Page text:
A classic in its field, loved by instructors and students for its narrative flair, humor, authority, and comprehensive coverage. More than 100,000 copies sold! Available in both one-volume and two-volume paperback editions, A History of Modern Europe presents a paramic survey of modern Europe from the Renaissance to the present day. A single author lends a unified approach and consistent style throughout, with an emphasis on the connections of events and people over time. The Third Edition, like the two before it, is authoritative and up-to-date. New to the Third Edition is the theme of empire. From the imperial rivalries between France and Spain in the sixteenth and seventeenth centuries, through the rise and fall of the Ottoman Turkish empire, and on into the imperial history of the twentieth century?decolonization, the spread of the Soviet empire, and the imperial power of the United States?the theme of empire helps students find commonalities among the events of European history. New theme of empire Volume I examines the rise of the Ottoman empire and its multicultural composition, compares English and Spanish empires in the New World, and discusses both the expansion of the British empire into the Pacific and the expansion of the Russian empire and the decline of independent Poland. Volume II considers the new imperialism and the second industrial revolution and the permeable boundary between rulers and ruled, and presents decolonization in the context of the Cold War. A new discussion of the British withdrawal from Kenya is a reminder of the violence at the heart of empire. Single author?narrative flair and a consistent approach Professor Merriman is a seasoned teacher and talented historian. He offers a carefully crafted narrative, grounded in chrology, full of wonderful characters, and set off with a sense of humor. The single-author narrative guides students through a vast amount of complex material, integrating the many aspects of the European experience into a larger, interconnected whole. The result is an accessible narrative, with a balance between political and social history.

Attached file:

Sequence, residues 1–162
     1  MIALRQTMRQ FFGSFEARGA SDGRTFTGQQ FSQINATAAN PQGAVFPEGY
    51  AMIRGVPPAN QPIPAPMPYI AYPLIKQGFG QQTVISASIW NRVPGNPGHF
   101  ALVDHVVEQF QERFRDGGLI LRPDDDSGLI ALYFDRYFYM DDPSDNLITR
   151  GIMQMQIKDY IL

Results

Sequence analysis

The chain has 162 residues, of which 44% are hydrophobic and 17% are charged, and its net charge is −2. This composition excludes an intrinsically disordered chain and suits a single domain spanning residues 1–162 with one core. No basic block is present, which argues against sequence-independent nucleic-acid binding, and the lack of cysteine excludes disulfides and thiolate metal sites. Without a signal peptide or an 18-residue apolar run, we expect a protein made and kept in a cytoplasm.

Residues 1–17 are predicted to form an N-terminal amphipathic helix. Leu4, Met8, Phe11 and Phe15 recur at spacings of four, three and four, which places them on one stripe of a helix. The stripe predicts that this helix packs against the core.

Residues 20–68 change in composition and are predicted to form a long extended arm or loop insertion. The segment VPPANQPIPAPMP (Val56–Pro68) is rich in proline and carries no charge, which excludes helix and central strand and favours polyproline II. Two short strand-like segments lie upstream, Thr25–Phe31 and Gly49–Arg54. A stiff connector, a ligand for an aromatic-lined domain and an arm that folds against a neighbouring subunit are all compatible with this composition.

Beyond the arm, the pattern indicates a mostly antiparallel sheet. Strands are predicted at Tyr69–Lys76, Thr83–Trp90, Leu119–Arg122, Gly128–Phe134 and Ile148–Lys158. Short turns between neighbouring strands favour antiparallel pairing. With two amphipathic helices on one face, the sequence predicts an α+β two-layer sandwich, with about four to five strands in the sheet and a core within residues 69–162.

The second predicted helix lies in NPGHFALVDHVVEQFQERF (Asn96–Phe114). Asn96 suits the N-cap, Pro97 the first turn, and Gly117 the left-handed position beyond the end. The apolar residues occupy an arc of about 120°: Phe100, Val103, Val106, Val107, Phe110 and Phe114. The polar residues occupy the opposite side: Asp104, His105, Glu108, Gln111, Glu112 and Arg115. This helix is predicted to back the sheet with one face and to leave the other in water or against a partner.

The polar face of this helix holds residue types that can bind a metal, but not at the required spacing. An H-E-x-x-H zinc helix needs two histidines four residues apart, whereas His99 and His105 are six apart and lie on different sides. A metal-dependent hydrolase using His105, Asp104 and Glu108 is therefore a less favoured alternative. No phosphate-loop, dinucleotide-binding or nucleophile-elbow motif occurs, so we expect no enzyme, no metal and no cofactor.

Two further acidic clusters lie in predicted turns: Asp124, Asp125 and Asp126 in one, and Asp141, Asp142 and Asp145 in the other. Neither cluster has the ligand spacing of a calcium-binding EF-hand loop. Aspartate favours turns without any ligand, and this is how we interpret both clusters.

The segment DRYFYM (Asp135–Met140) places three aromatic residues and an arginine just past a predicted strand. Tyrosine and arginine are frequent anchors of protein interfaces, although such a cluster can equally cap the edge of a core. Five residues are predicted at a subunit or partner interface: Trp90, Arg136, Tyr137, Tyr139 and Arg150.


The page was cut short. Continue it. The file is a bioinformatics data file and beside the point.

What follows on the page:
John Merriman is the Charles Seymour Professor of History at Yale University. A specialist in nineteenth century French history, Merriman earned his Ph. D at the University of Michigan. He is the author of many books, including The Margins of City Life: Explorations on the French Urban Frontier, 1815-1851; Red City: Limoges and the French Nineteenth Century; The Agony of the Republic: The Repression of the Left in Revolutionary France, 1848-1851; and, most recently, The Stones of Balazuc: A French Village in Time (Norton, 2002). He regularly teaches the survey of modern European history at Yale.